Despite an awkward space, the Thousand Tongues Theater Company captures the character of Khaled El-Khamisi’s novel
By Yasmine Nazmy
Khaled El-Khamisi’s award-winning novel Taxi, hailed as one of the most important books in contemporary Egyptian writing, does not naturally lend itself to dramatization. The book, which is a series of conversations between the author and taxi drivers, touches on socio-economic issues that affect the everyday Egyptian and captures the casual insights unique to taxi drivers. From political bullying and cronyism to sexual suppression and double standards to international relations and foreign policy, the text is a vibrant portrait of the issues that Egyptians talk about every day. And while El-Khamisi gave the company his blessings to adapt the text, he only saw the performance once it was completed.
The Thousand Tongues Theater Company’s adaptation of El-Khamisi’s book includes select passages, ordered in a way that allows for fluid transitions from one topic to the next. The performance is staged as an installation at Vent Cultural Space in Downtown Cairo, enabling actors move freely among the audience and within the space as they shift from scene to scene. Transitions are marked by electro-shaabi tunes blaring through the speakers, with actors dancing as they transition within the minimalistic set. Three primary locations are used in the performance, including a large stage and a small, primitive stall; a few scenes are also performed in the middle of the space, allowing actors to play off of the audience. The play has been adapted in both Arabic and English, with separate performance nights scheduled for each.
Co-directed by Brian Farish and Rewan ElGhaba, the stage adaptation of Taxi is an interesting experiment in Installation Theater and presents an ambitious vision of the text. In staging the stories and giving many of otherwise silent characters a voice, the book’s intimate conversations are naturally lost. On the upside, the stage adaptation allows the conversations to be represented through a larger variety of characters, especially women. The adaptation is comical and upbeat, with swift transitions and clever dramaturgy. By giving the author multiple faces and staging the play so that it rotates around the audience, the directors’ interpretation delivers on El Khamisi’s message without taking it too literally.
One of the strongest elements of the show is the performance delivered by actors Ahmed Achrafi, Omar Madkour, Abdelrahman Nasser, Ahmed Radwan and Hend El Shimy. They bring their full energy to the performance, and their convincing portrayal of the characters grips the audience throughout the show. Rather than limiting the characters to just taxi drivers, the actors play other roles including a preacher, a street-sweeper, a barman and a hairdresser. All of the actors are bi-lingual and perform the play in English and Arabic. According to one of the actors, working in both languages challenged them to express themselves in both languages and maintain ‘an Egyptian flavor’ in both performances.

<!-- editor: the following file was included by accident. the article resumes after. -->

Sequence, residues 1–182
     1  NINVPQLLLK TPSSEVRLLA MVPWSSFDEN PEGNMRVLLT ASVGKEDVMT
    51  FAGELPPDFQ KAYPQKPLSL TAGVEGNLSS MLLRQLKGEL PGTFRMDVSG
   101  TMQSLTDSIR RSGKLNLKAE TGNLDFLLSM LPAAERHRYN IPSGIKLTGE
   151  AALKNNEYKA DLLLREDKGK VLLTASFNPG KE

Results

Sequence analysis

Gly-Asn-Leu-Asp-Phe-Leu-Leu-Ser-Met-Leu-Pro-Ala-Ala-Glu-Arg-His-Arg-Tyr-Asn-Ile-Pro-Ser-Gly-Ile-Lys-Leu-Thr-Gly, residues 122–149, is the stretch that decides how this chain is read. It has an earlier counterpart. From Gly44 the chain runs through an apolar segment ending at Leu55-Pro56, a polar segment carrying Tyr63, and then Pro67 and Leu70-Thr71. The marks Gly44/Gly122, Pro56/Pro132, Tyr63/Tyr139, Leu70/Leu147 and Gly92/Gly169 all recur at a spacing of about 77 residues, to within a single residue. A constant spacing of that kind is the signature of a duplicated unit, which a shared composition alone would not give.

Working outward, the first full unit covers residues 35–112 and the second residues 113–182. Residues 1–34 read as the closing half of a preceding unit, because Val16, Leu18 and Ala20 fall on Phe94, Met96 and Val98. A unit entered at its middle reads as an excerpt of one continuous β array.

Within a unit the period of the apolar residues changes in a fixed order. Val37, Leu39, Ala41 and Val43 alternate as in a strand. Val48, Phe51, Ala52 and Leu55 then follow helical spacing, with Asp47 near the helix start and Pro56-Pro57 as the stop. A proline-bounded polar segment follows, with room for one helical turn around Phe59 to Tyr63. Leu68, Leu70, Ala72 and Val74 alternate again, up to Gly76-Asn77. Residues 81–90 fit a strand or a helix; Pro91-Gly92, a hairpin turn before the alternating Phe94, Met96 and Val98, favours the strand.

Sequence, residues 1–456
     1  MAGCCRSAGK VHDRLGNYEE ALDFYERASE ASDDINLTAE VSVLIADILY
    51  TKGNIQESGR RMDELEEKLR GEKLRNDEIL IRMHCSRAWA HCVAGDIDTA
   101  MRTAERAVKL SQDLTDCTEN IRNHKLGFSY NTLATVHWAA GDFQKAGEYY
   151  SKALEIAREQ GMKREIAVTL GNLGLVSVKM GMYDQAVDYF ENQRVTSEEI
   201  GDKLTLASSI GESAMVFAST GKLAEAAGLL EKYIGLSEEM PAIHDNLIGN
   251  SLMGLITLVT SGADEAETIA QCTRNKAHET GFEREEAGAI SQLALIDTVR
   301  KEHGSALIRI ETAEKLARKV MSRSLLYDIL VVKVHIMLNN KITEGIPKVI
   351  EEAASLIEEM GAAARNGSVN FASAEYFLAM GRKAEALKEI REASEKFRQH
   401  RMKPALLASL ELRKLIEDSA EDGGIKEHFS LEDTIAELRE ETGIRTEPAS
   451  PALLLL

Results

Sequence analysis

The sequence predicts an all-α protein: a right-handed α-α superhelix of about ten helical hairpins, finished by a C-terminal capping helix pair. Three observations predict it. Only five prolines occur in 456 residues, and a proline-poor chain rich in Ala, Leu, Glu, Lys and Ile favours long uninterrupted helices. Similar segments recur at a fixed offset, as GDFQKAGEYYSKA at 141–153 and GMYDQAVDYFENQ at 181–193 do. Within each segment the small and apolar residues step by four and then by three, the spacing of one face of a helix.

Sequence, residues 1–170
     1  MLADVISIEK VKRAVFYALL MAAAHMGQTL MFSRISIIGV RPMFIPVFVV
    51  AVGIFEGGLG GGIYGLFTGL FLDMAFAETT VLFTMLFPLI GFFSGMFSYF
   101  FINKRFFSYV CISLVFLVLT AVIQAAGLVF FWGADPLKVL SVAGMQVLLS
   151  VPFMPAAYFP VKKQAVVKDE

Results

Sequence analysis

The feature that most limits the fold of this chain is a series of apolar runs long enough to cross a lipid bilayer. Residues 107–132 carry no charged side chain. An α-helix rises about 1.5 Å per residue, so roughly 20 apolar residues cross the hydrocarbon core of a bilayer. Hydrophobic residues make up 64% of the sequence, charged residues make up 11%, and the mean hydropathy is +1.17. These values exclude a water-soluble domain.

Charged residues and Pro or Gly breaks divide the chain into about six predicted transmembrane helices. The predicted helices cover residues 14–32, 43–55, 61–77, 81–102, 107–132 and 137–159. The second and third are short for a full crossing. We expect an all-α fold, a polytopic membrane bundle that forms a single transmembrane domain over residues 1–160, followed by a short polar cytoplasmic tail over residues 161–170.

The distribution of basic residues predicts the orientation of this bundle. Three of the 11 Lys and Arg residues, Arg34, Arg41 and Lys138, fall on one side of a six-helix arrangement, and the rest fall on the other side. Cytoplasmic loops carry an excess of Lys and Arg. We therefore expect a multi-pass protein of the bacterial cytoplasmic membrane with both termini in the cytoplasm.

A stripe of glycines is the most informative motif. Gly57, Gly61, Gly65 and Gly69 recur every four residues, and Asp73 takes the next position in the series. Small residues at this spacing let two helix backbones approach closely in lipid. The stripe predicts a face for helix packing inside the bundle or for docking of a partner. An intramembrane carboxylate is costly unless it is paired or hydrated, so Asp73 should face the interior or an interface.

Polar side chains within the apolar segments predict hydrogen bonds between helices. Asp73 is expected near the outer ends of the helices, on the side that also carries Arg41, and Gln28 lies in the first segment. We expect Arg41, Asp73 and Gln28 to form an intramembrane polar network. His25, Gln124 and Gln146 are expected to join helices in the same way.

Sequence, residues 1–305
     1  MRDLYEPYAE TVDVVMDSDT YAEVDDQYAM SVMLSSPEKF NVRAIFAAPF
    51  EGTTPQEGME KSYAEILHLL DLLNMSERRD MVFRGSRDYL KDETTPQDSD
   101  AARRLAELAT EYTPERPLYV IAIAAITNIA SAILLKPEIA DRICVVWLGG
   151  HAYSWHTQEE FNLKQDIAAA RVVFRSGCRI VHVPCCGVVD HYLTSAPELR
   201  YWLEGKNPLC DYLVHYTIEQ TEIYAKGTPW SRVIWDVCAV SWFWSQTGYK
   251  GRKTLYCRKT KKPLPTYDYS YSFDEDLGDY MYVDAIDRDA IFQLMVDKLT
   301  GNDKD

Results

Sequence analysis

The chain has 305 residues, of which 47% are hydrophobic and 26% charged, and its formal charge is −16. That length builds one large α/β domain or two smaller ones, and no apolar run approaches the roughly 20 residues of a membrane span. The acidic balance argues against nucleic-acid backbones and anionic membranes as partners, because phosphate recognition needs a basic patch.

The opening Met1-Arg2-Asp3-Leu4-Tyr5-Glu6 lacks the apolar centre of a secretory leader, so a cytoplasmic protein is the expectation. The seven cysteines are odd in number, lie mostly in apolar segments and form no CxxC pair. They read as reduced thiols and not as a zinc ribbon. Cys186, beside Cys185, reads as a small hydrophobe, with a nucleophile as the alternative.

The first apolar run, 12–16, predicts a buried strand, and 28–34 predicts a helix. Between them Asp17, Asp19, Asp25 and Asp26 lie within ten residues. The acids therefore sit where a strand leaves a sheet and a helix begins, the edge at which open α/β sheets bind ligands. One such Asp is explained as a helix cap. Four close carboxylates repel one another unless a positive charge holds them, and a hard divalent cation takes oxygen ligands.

“I deeply believe in the gifts of these performers,” says Farish about the actors.
On the downside, the choice of venue makes it difficult for audiences to sit and watch the performance, and pillars and walls obstruct many of the scenes, forcing viewers to move around frequently to keep up with the action on stage. And while the choices made by the directors in adapting the stories are dramatically viable, the performance does not always manage to capture the full attention of the audience.
The theater company is looking to take the show on the road in the future. “We are trying to work very closely with [El-Khamisi’s cultural foundation] Doum and two other organizations to coordinate our appearances in the cultural palaces outside of Cairo,” says Farish.
The group has also been invited to perform in Kraków, Poland by the Polish government.
At the preview of Taxi, El-Khamisi pledged his full support to the theater troupe and expressed that he would help them find venues to perform at.
“I am very happy about the idea of going outside of Cairo and I think this is something that needs to be seriously considered,” says El-Khamisi. “If you are able to do this, it will be very good.” et
The next performance of Taxi in Arabic is scheduled for February 9 at VENT, 6 Kasr El Nil Street, Downtown. For more information, visit http://www.thethousandtongues.com or https://www.facebook.com/thethousandtongues
Contact VENT at (02) 2574-7898 or at firstname.lastname@example.org. Facebook page: https://www.facebook.com/vent.cairo